While I wasn't able to attend the AES convention in New York City this year, I did get multiple reports on what's hot.
This looks to be one of the smallest attendance in recent memory although it appeared crowded because the show was limited to only 8 rows of exhibitors and few demo rooms. There were almost no large sound reinforcement speaker demos because it's just too darned expensive to ship large arrays these days. And DAW powerhouse Digidesign (now Avid) didn't even exhibit, choosing instead to take a couple of suites in a hotel across the street (much to chagrin of AES).
Most veteran attendees of the show seemed to be disappointed, while the new to the business marveled at all the gear. Everyone seemed to like the various panels and sessions, with the ones with Kevin Killen, Chris Lord Alge, Bruce Swedien and recording The Beatles garnering the most praise.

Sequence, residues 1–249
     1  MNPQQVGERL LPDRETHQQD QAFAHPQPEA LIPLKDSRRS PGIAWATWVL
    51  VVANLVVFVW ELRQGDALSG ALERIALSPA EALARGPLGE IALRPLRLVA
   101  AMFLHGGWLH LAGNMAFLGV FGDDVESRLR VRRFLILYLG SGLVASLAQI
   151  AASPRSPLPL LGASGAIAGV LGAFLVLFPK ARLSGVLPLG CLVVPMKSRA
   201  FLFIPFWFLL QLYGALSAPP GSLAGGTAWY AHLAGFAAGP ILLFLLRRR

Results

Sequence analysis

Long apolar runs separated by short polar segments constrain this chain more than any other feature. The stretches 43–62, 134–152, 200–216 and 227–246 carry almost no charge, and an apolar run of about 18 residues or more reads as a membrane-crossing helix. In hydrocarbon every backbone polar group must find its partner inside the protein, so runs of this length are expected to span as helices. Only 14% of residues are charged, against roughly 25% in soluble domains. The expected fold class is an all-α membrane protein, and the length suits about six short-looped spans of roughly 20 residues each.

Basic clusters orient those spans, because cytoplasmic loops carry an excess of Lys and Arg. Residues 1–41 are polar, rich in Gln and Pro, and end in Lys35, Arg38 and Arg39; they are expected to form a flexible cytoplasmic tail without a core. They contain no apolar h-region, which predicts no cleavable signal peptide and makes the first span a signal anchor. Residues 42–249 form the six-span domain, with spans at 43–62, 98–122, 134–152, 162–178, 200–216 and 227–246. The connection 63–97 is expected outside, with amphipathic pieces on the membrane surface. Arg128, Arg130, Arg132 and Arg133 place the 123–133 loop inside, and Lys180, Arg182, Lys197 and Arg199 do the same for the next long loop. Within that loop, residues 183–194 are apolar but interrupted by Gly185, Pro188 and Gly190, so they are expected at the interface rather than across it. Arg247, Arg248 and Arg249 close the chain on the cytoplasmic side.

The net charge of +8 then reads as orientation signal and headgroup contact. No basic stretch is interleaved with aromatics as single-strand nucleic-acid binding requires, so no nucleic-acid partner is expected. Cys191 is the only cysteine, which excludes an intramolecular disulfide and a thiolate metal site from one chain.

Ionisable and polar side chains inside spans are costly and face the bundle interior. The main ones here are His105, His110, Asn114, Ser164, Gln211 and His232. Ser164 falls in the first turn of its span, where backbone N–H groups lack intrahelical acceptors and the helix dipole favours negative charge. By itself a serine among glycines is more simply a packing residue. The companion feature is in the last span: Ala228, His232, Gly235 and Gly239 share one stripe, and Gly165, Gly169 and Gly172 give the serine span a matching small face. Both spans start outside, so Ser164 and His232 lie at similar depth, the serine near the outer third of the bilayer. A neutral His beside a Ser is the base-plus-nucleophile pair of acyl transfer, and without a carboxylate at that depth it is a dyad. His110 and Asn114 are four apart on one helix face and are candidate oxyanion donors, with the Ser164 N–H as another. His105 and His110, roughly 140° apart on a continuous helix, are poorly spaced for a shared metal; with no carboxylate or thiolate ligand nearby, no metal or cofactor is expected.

As has been the trend of the last half dozen years, there hasn't been a product or technology that was the overwhelming hit of the show. Everything was evolutionary instead of revolutionary once again.
That being said, the Novation Launchpad seemed to get the most interest, followed by new ribbon microphones by Audio Technica and Shure. Another trend that actually looks to be a good one is the fact that the 500 series lunchbox format has now become a standard, with more and more manufacturers releasing modules for it. Everyone seemed to like the 8 channel SSL X-desk, as they did the new Korg Wavedrum.
So if you didn't make it the show, you probably didn't miss much product-wise that you couldn't see elsewhere. If you really wanted to network or see the sessions, that's another story.